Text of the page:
This is The Feeding Diaries, an ongoing series about the feeding escapades in my house.
Do unto others as you would have them do unto you.
Lately I’ve been thinking about how the golden rule applies to feeding my family. For me it boils down to R-E-S-P-E-C-T for all. Mom. Dad. Daughter. And son.
And here’s how it works.
How would you feel?
First consider how you would feel being fed by someone else. Let’s say you are staying at a friend’s house for about a week. This friend knows you like to eat a mostly vegetarian diet. But your friend is more of a meat and potatoes person.
You probably would feel bad if every night for dinner your friend only made food you liked knowing their taste in food. But if all they made were meat-heavy dishes, you wouldn’t be happy either.
But what if two of the nights your friend made an entree you really enjoy and on the other nights she made sure there was ample veggies. This would be nice right? You’re happy and your friend is happy.
But when it comes to feeding kids, the advice centers on two extremes. One extreme is making a meal you want and have your kids take it or leave it (known less kindly as “eat this or starve”). The other is to make another meal if they don’t like it (known as short-order cooking) or forgetting the family dinner altogether and just feeding separate meals.
The third strategy — the one I would feel most comfortable when getting fed — is one that considers the whole clan.
What this looks like in my house
When planning meals, I make sure each person’s favorites show up often enough. On the other nights, I make sure the sides are something everyone enjoys. This has gotten easier over time as my kids gradually expand their tastes (mostly Big A — Little D is a late bloomer remember?).
When planning meals, I also consider how the little people are growing and learning about food and I try to help bridge the gap, the same way we use training wheels to help children ride a bike. For example, my kids aren’t ready to eat salads like we do. So I often modify them in little bowls. Big A likes to make her own salad sometimes.
Another example is Big A prefers a breading mix on her fish, so I cut off a special portion for her.
When we make pizzas or quesadillas, they get a say on what goes in or on top but I put the extras on the side for them to try if they want. And most nights, I serve meals family style, in bowls to pass around where everyone can pick and choose (see table below for more ideas).
This keeps everyone happy (most nights) and offers plenty of food exposure without the pressure.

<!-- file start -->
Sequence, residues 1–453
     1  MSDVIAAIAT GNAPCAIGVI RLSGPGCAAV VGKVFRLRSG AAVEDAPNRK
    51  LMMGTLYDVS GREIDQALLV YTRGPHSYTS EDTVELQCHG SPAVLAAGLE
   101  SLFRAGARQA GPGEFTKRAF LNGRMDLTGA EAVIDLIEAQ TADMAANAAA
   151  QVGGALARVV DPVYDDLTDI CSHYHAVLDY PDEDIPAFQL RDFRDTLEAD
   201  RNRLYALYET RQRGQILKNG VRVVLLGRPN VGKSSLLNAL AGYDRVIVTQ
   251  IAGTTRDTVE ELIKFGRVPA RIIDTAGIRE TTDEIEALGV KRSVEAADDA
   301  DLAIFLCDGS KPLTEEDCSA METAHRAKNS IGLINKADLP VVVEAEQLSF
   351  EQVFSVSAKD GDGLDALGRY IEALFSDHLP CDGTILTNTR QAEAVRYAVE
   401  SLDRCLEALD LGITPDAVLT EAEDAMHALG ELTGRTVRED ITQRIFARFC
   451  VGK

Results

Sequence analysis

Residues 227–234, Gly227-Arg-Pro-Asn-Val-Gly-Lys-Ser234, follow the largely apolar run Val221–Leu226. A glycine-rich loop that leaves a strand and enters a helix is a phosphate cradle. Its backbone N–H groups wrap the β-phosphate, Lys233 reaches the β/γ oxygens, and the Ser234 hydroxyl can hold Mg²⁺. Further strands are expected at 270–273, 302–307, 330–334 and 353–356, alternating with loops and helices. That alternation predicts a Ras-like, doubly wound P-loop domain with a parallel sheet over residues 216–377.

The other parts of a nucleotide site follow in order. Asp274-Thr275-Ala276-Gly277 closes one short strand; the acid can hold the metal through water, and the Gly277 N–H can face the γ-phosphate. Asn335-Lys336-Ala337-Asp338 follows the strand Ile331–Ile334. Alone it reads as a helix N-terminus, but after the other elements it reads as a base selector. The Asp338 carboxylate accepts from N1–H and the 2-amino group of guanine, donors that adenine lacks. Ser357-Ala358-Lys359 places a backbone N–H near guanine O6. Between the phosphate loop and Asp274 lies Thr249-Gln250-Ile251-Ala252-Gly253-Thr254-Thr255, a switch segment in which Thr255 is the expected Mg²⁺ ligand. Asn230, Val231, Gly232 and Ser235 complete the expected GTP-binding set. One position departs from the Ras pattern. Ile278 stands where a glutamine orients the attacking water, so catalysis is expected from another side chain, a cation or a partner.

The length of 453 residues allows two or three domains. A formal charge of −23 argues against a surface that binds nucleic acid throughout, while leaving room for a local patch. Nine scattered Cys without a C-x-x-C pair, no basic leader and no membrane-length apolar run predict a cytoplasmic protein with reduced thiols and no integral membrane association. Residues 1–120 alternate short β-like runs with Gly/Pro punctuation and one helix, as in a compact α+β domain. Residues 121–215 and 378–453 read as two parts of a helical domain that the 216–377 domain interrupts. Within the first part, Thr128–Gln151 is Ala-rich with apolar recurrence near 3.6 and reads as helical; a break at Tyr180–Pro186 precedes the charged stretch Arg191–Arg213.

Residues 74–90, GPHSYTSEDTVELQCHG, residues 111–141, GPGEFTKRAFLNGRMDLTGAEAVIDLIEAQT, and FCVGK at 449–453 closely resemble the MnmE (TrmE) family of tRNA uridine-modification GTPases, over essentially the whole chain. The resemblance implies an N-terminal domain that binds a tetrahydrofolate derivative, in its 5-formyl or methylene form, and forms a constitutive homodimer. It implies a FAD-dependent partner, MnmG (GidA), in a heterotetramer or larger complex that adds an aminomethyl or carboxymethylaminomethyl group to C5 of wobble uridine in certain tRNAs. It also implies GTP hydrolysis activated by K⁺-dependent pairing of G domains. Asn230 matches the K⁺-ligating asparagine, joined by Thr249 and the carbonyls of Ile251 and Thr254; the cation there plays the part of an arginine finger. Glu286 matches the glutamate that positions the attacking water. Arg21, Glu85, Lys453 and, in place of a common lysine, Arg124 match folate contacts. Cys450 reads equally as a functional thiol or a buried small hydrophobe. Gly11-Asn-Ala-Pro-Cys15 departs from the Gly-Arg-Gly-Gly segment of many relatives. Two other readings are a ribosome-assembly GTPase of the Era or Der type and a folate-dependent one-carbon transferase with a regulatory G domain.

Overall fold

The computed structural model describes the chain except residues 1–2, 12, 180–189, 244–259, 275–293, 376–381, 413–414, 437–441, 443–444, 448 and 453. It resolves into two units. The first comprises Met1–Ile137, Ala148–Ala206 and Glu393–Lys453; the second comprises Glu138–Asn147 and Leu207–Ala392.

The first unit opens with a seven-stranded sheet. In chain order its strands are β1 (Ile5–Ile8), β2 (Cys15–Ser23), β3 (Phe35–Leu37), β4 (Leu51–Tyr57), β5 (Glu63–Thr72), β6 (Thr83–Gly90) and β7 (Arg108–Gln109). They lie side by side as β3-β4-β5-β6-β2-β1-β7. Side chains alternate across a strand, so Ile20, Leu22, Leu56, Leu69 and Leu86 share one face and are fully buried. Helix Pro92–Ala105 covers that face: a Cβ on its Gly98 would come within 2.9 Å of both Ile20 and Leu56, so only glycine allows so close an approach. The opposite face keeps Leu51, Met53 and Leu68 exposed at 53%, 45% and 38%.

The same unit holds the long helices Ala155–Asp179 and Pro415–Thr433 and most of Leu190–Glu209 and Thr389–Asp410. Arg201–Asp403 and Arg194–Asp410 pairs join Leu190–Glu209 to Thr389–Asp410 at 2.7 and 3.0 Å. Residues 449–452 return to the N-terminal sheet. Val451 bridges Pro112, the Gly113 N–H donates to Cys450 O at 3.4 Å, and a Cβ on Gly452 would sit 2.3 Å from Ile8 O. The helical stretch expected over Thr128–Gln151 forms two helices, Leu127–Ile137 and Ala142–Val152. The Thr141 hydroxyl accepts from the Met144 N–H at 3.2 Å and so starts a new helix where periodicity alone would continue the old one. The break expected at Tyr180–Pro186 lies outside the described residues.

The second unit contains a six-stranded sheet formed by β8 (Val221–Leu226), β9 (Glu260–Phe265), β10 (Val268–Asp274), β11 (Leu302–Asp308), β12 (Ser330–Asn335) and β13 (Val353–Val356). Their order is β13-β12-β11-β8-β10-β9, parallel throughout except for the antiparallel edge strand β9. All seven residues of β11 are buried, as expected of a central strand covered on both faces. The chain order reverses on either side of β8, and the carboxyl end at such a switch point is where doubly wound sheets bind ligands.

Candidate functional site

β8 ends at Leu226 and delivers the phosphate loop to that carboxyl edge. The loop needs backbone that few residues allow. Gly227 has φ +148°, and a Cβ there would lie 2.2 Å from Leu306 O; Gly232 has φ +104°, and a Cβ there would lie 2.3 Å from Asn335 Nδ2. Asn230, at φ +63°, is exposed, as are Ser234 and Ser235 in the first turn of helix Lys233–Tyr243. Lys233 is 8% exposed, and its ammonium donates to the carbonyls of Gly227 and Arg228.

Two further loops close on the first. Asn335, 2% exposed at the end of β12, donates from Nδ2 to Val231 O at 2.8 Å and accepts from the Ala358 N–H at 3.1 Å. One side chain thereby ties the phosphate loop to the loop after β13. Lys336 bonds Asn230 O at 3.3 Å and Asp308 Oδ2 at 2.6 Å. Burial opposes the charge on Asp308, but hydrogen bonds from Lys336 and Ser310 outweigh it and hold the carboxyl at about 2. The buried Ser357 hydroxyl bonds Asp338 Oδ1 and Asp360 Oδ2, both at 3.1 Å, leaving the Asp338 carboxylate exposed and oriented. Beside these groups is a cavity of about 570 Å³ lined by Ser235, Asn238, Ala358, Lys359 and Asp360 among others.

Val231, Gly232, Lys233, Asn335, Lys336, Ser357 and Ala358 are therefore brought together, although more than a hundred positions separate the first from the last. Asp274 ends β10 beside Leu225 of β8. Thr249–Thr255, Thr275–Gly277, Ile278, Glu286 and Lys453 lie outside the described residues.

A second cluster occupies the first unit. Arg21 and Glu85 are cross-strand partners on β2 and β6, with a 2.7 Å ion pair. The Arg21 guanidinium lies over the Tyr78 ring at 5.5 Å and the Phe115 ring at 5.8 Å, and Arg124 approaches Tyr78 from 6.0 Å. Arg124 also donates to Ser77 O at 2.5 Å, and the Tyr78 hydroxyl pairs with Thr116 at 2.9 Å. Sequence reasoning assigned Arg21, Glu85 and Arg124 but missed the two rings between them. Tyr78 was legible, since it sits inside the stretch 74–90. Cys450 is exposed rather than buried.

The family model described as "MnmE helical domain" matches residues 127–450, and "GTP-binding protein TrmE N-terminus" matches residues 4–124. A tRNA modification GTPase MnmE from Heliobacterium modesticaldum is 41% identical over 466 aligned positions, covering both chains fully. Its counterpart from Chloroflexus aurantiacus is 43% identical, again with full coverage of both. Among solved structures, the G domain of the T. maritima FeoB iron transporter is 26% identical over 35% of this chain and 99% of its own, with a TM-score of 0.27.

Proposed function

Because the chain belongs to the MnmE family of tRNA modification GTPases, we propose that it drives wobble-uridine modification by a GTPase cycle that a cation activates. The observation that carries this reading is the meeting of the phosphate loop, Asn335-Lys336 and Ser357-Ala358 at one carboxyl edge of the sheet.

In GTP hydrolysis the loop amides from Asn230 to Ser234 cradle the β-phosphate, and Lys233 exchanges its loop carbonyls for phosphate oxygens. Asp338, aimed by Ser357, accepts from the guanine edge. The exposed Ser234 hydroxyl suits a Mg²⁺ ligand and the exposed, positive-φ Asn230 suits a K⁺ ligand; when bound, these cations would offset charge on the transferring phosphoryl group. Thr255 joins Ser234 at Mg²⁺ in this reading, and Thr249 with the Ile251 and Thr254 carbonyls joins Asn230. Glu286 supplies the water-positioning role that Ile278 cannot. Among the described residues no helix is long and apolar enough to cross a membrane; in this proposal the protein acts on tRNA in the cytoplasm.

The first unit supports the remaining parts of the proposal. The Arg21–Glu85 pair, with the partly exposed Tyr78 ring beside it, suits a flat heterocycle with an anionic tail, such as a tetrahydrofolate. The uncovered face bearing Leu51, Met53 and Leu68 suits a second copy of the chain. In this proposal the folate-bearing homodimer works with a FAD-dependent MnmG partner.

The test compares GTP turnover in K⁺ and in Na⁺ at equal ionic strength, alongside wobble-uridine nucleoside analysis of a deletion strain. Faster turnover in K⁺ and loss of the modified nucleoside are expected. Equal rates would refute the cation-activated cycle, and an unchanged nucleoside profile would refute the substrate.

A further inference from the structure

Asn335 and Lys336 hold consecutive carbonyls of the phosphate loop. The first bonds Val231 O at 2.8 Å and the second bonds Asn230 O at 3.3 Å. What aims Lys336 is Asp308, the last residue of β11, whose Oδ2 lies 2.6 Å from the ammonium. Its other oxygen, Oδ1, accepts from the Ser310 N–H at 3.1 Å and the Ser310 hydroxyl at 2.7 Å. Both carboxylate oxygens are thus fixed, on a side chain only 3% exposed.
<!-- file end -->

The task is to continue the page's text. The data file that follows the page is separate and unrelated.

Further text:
The Golden Rule = Respect
The idea for this post is inspired by what I’ve learned over at Respectful Parent, my new favorite site where a friend of mine blogs.
In Webster, respect is defined as “a feeling or understanding that someone or something is important, serious, etc., and should be treated in an appropriate way.” In terms of parenting, this means showing children that they matter by how we treat them. And one key way to treat them well, is to ask our self how we would want to be treated if the tables were turned.
My kitchen table is built around this mutual respect. And in my house, this has made mealtime more rewarding because most of the time, we all feel good about the simple act of sharing a meal.
Jenn Hoots says
I’m struggling with this one a little bit, I’m not sure where to draw the line. I love the concept of respect at the table! Where I question myself is in how much decision making I let my kids have about their food. If I asked what they (specifically my 4 year old daughter) want on their taco, pizza, sandwich, etc the answer would likely always be “just cheese”. But what if I’m making Asian tacos or pesto pizza with tomatoes and mozzarella, or Reuben sandwiches? If her requests turn my meal into something I wasn’t making in the first place, haven’t I just catered to her? Yet she gets pretty mad at me sometimes when I fix up her plate like everyone else’s. I usually just say, if you don’t like it, you don’t have to eat it, which always stops the arguing but she would still feel much happier and “respected” if I gave her the choice. Any advice?
Maryann Tomovich Jacobsen, MS, RD says
For us the choice meals are mainly tacos, quesidillas and sandwiches. For taco night they have to pick at least two items but the choice of what those are is there’s. Pizza is the same. But then there are other nights I don’t ask like lasagna etc. I think you just have to figure out a way that you and your child are comfortable with. It’s important to remember that while they may choose boring toppings (like cheese) for a while, they will get tired of it and move on. Make sense? Here are more tips from ES http://ellynsatterinstitute.org/htf/family-friendlyfeedingtips.php